Expiring Tax Cuts
Unless Congress acts next year, the top income tax rate in 2013 would rise to 39.6 percent from 35 percent. Dividends would be taxed as ordinary income, and the top rate on long-term capital gains would rise to 20 percent from 15 percent. Tax increases for investment income included in the 2010 health care law are also scheduled to take effect in 2013.
In addition to everything else expiring at the end of 2012, Congress also will have to fund the government for the fiscal year that starts Oct. 1, 2012. That issue may linger into December unless lawmakers can reach a pre-election agreement.
Furthermore, depending on economic growth, the federal government may again bump up against the debt limit -- a debate that consumed Washington during July 2011.
If those issues collide simultaneously, including the debt limit, “it would be like a nuclear device being detonated,” said Kenneth Kies, a Republican tax lobbyist in Washington whose clients include Microsoft Corp. and Pfizer Inc.
The political dynamics of fiscal policy will change after the 2012 election, depending on who gains control of Congress and the White House. The new Congress won’t be sworn in until January 2013, and, if Obama loses, his term won’t end until Jan. 20, 2013.
If Congress can’t resolve these issues before the election, lawmakers will reprise 2010, when a lame-duck Congress controlled by Democrats wrangled over tax policy after Republicans had won control of the House in the election. Under Republican pressure, Obama and congressional Democrats agreed to extend all of the tax cuts instead of ending them for high earners.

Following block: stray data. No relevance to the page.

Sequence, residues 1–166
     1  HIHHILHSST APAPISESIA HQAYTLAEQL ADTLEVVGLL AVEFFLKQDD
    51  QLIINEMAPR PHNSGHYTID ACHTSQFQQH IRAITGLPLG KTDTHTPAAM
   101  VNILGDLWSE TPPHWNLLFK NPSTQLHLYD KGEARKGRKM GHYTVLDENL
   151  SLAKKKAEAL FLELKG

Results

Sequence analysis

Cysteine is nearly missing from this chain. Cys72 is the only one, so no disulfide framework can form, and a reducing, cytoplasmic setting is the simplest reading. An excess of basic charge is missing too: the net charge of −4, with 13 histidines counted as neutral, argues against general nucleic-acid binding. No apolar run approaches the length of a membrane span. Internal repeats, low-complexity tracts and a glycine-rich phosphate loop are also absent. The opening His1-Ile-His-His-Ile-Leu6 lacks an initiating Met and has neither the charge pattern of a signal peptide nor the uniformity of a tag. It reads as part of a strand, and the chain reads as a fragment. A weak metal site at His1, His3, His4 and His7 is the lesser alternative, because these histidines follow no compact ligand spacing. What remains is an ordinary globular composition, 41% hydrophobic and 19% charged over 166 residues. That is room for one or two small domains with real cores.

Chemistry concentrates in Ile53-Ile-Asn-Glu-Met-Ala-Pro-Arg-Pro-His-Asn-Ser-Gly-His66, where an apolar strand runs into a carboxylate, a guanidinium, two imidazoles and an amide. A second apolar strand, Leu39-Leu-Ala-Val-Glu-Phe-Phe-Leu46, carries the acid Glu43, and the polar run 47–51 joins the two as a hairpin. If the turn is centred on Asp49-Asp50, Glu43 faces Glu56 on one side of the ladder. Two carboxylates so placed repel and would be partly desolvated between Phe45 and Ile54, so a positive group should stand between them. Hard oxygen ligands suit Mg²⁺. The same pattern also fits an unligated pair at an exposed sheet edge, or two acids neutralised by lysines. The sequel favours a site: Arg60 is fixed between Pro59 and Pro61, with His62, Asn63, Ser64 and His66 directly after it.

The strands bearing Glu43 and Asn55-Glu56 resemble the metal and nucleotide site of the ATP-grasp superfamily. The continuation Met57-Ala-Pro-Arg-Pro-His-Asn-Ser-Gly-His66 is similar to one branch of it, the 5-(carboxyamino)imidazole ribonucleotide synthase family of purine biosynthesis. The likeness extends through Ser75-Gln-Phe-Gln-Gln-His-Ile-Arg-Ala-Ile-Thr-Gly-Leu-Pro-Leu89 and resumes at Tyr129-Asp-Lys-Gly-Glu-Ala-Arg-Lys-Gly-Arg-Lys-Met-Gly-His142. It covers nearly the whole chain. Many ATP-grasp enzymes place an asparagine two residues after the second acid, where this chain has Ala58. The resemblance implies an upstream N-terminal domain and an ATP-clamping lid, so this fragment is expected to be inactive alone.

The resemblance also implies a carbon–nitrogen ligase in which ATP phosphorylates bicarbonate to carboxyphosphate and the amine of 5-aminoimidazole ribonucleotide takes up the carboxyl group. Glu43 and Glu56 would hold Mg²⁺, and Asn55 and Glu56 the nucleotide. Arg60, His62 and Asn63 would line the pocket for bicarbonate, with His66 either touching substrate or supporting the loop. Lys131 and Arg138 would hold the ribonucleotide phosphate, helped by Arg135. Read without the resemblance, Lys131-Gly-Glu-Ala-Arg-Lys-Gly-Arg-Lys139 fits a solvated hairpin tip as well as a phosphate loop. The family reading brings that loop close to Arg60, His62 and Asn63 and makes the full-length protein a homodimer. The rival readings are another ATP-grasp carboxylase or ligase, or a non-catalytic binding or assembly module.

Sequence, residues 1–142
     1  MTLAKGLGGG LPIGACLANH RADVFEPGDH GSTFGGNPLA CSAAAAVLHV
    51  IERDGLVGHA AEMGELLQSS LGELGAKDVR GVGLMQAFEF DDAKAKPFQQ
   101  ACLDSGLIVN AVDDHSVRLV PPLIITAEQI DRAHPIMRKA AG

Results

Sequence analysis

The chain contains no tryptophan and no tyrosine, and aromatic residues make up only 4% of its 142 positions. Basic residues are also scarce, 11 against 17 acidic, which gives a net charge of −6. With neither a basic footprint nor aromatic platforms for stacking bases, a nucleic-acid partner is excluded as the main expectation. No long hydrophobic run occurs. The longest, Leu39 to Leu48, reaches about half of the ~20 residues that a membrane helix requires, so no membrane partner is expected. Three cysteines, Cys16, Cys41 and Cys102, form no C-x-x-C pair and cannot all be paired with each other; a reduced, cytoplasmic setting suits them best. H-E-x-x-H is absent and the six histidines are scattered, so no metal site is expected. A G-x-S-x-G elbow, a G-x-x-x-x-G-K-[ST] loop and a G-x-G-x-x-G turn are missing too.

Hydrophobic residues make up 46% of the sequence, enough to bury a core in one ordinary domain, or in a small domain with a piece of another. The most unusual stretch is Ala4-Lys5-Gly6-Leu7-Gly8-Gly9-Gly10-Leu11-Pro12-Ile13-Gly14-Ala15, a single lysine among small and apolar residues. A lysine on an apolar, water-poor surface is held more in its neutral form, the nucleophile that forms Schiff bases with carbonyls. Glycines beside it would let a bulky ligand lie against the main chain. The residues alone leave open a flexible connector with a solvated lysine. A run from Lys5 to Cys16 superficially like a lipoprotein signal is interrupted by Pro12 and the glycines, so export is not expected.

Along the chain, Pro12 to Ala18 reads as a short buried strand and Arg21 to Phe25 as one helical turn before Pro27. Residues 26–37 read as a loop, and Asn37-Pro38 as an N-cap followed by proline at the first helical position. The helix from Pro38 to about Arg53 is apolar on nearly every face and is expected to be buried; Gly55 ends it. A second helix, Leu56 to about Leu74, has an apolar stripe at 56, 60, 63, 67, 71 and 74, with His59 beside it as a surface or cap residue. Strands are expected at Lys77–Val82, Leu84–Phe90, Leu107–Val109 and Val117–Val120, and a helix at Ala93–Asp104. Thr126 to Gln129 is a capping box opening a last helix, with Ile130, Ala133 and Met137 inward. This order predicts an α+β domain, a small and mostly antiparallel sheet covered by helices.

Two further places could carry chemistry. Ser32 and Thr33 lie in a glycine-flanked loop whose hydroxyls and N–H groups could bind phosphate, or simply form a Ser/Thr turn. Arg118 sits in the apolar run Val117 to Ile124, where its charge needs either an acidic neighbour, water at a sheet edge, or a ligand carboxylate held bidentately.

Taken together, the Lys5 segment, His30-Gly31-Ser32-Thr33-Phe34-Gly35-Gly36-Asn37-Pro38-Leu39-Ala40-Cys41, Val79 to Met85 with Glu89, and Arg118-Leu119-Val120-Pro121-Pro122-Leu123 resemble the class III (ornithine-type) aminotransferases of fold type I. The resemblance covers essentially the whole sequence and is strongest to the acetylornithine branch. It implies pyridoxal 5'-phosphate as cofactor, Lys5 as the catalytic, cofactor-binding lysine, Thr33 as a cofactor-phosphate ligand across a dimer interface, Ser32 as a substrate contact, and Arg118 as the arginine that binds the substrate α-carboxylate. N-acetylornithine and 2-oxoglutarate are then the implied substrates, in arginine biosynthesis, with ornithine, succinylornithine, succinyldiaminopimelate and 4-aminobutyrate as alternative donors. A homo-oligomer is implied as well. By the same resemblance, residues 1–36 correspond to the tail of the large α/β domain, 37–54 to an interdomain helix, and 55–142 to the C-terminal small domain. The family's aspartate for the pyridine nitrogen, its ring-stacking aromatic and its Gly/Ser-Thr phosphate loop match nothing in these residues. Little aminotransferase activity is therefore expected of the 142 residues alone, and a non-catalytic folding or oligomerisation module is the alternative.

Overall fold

“Lame-duck dynamics are entirely predicated on what happens in the election,” said J.D. Foster, a senior fellow at the Heritage Foundation, a Washington group that supports limited government. “They may be the same members, but they’ll be there under very different circumstances.”
Even Obama, who will be president in December 2012 whether he wins or loses the election, will view issues differently without election pressure, Foster said.
Lawmakers are starting to envision scenarios for how the tax and spending issues are reconciled, depending in part on the election results.
Earl Pomeroy, a former Democratic congressman from North Dakota who is now a lawyer at Alston & Bird LLP in Washington, said the national focus on the federal budget deficit will make it more difficult for Republicans to press for an extension of the 2001 and 2003 tax cuts without covering their cost.
“For those from the right side of the political spectrum, you’ve got the worst of all worlds,” said Pomeroy, a lobbyist whose clients include Aetna Inc. “If Congress fails to act, you’re going to have a tax increase and steep defense cuts. What we’re seeing with the legislative process is that it’s fallen to a state of utter dysfunction.”
Addressing the alternative minimum tax is the one thing that must be done at the end of next year, said Kies, a former chief of staff of the congressional Joint Committee on Taxation. It is a parallel tax system designed to prevent top earners from legally avoiding taxes.
Indexed for Inflation
The exemption levels aren’t permanently indexed for inflation so, unless Congress works to blunt its spread, millions more taxpayers would end up paying it.
The alternative tax is the only issue in play, Kies said, that will affect tax returns filed in early 2013.
“Nothing else has to be done,” he said.
Reed said he hoped Congress could start debating the provisions expiring at the end of 2012 as early as possible.
“They cannot be dealt with post-election in crisis mode,” he said. “These issues, they don’t get better with time. They get worse.”